Lackner: You can feed some of it to algae, which can be used for food and fuel production, or you feed it into a greenhouse where it stimulates plant growth, or pump it into oil wells in a process called enhanced oil recovery. There is an $800-million yearly market for what I call merchant C02 in the U.S. But much of the greenhouse gas would need to be sequestered in geological formations underground. In the long run, underground storage may not be sufficient, so I am looking at another technique where you feed C02 to olivine and serpentine, which absorbs it in weathering, transforming it into geologically stable carbonates.

e360: Some people object to talk of taking C02 out of the air, saying that it diverts the discussion from where it should be — namely developing alternative energies.

Lackner: We could have had this conversation in 1980 and you might have convinced me that I shouldn’t put air capture out on the table because it might be used as an excuse to delay cutting our emissions. But now that we have delayed, it’s too late to have this argument. We need to have the ability to walk this backwards. I’m saying this is a war, and we need to use all the weapons at our disposal. You don’t want to get into this fight with one hand tied behind your back. The IPCC has said we cannot solve this problem unless we have what it calls ‘negative emissions,’ which means we take more C02 out in a given year than we put into the atmosphere. And if you want to do that, you need air capture.

e360: Some environmentalists would call this ‘geo-engineering’ and say it’s the wrong approach.

Lackner: [Climate scientist] Jim Hansen is saying that we should go back to 350 ppm. 350.org wants to do that, but they don’t want to take C02 out of the atmosphere. However, there is no other way to get back there. To roll back 100 ppm, we may already be obliged to put away more C02 than we made in the entire 20th century. So I would argue that we have to take C02 back simply to balance old conditions. We’ve run up a huge debt on our carbon credit card and we need to pay it back.

‘We need to change the way we think about C02 and recognize that it is a waste disposal issue.’

e360: One technology that is in use in a few pilot plants is taking C02 directly out of the exhaust gases from power plants and factories.

Lackner: There is an advantage to capturing C02 in power plant and industrial flue gases, where it is concentrated. The cost of taking C02 out of the air will generally be higher than scrubbing it from flue gas. However, getting C02 from power plants doesn’t make you carbon neutral — far from it. Half of all emissions come from smaller sources, and there you don’t have much choice. An airplane can’t carry home the C02 it makes, even if you could figure out how to capture it, because it can’t handle the weight. Neither can a car. You would have to have 6 cylinders of C02 in your trunk. So we have to deal with this C02, as well. And direct air capture is the way.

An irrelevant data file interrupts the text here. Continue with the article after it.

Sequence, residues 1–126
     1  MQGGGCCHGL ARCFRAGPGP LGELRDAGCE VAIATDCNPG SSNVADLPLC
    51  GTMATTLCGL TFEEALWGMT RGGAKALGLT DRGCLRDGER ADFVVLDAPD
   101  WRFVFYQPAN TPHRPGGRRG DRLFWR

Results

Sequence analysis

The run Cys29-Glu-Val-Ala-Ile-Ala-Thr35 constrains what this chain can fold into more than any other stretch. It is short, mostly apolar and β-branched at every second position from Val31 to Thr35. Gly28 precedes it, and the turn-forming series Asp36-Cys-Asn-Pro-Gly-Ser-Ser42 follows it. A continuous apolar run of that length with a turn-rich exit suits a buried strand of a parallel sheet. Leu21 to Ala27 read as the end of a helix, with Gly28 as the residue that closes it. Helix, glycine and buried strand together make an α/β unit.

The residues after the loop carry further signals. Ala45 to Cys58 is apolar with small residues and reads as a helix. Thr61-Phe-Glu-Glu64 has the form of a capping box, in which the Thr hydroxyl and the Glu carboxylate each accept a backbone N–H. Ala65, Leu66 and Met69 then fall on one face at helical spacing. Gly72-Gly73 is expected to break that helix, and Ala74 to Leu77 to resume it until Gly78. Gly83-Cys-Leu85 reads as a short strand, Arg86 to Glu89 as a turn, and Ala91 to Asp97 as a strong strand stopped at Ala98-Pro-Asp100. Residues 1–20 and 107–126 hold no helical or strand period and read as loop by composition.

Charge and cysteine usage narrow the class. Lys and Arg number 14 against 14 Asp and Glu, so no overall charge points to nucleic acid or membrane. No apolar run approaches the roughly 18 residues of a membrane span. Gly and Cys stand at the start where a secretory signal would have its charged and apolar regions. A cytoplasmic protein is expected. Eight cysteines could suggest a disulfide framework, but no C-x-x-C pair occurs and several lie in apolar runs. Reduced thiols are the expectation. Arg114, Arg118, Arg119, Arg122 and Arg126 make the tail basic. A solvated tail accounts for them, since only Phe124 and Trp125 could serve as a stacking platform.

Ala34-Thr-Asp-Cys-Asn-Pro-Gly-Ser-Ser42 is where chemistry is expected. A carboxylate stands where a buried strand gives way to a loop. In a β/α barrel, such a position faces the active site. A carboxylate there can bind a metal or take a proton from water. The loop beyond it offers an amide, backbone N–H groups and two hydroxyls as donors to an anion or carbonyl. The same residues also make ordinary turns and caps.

e360: The big criticism of air capture is that it is too expensive and that it hasn’t been adopted commercially on any scale yet.

Lackner: Why would I adopt it if there isn’t yet a price on carbon? What incentive do I have as a company to do this? Never mind what the price is, even if you tell me it is 1$ a ton, why would I do it? My view is we need to change the way we think about C02 and recognize that it is a waste disposal issue. If we called it ‘C02 dumping’ rather than ‘C02 emissions,’ maybe we would have solved the problem by now.

e360: How would that change the discussion?

Lackner: If I go out and dump my garbage in the street, my neighbors would complain about it. If I went to them and said, “Look, guys, I thought about ways to make my processes more efficient and I’m only dumping 80 percent of what I used to onto the street,” they wouldn’t take that as a good answer. Because they would understand that it is a waste problem and you are not allowed to put it out — period and end of discussion. If you create garbage, you are responsible for taking it out.

I would argue that if you want to take oil, coal, or gas out of the ground, you have to present a certificate of sequestration, which certifies that an equal amount of carbon has already been put away. If you pump a ton of carbon out of the ground, you will need to take a ton out of the air. Ultimately, you need a regulation that says you have to buy that offset.

e360: So government regulations are the answer?